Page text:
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Soc Neurosci. 2018 Jun;13(3):257-267. doi: 10.1080/17470919.2017.1324521. Epub 2017 May 15.

Evaluating methods of correcting for multiple comparisons implemented in SPM12 in social neuroscience fMRI studies: an example from moral psychology.

Author information

1
a Educational Psychology Program , University of Alabama , Tuscaloosa , AL , United States.
2
b Center for the Prevention of Youth Behavior Problems , University of Alabama , Tuscaloosa , AL , United States.

Abstract

In fMRI research, the goal of correcting for multiple comparisons is to identify areas of activity that reflect true effects, and thus would be expected to replicate in future studies. Finding an appropriate balance between trying to minimize false positives (Type I error) while not being too stringent and omitting true effects (Type II error) can be challenging. Furthermore, the advantages and disadvantages of these types of errors may differ for different areas of study. In many areas of social neuroscience that involve complex processes and considerable individual differences, such as the study of moral judgment, effects are typically smaller and statistical power weaker, leading to the suggestion that less stringent corrections that allow for more sensitivity may be beneficial and also result in more false positives. Using moral judgment fMRI data, we evaluated four commonly used methods for multiple comparison correction implemented in Statistical Parametric Mapping 12 by examining which method produced the most precise overlap with results from a meta-analysis of relevant studies and with results from nonparametric permutation analyses. We found that voxelwise thresholding with familywise error correction based on Random Field Theory provides a more precise overlap (i.e., without omitting too few regions or encompassing too many additional regions) than either clusterwise thresholding, Bonferroni correction, or false discovery rate correction methods.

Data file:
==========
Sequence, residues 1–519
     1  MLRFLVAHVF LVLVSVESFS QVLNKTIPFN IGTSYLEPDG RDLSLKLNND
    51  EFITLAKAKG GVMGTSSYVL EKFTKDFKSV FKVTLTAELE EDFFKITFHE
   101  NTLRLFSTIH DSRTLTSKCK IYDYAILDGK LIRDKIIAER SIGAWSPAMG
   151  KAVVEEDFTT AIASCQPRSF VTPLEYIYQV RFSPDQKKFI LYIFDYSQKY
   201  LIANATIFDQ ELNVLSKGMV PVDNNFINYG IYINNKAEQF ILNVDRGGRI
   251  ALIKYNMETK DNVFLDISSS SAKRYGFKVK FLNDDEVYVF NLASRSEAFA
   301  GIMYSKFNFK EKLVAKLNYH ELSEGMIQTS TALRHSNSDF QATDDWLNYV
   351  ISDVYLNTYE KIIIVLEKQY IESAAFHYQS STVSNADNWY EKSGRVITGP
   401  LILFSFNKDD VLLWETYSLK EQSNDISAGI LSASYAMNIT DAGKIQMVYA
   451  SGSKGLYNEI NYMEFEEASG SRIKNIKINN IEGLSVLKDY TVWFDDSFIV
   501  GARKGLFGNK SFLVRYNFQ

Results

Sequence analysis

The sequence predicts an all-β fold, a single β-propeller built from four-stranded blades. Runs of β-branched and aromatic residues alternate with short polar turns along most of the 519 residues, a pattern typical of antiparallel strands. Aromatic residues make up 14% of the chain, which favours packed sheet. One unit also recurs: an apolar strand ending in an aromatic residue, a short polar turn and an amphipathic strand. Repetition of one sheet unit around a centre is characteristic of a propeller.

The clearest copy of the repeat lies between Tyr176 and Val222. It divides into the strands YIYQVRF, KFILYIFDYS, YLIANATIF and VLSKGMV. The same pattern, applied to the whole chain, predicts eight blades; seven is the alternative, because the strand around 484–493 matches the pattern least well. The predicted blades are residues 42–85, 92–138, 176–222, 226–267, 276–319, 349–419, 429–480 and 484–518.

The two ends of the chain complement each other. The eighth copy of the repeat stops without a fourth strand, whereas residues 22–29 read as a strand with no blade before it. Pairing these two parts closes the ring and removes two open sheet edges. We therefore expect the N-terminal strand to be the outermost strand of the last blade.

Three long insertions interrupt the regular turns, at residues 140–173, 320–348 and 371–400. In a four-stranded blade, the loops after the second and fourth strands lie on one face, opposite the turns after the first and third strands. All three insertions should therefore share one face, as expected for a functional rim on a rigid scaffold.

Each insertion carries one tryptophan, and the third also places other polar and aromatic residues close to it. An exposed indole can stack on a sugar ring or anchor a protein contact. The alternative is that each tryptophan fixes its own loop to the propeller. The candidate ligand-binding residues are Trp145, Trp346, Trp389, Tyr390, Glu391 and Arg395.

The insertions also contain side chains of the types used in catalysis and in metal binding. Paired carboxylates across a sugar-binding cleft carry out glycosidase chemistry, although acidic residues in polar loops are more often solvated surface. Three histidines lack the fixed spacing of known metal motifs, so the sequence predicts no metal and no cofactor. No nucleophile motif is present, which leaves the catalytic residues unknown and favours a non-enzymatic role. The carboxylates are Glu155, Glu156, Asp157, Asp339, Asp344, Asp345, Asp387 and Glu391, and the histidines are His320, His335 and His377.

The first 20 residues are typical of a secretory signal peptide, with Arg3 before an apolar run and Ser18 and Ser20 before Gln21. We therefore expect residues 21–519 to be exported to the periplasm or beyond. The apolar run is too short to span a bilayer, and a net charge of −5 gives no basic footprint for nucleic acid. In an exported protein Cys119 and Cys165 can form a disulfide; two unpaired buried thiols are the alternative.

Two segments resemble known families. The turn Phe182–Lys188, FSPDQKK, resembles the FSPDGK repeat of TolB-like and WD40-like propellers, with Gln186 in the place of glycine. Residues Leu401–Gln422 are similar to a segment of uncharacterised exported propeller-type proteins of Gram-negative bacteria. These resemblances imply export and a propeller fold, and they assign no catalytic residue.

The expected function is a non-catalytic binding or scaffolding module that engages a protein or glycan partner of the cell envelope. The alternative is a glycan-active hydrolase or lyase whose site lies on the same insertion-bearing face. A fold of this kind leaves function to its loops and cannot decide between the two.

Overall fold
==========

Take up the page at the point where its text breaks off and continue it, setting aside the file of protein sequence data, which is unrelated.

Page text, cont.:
KEYWORDS:

Multiple comparison correction; false discovery rate; familywise error correction; moral judgment; social neuroscience; statistical nonparametric mapping

PMID:
28446105
DOI:
10.1080/17470919.2017.1324521
[Indexed for MEDLINE]

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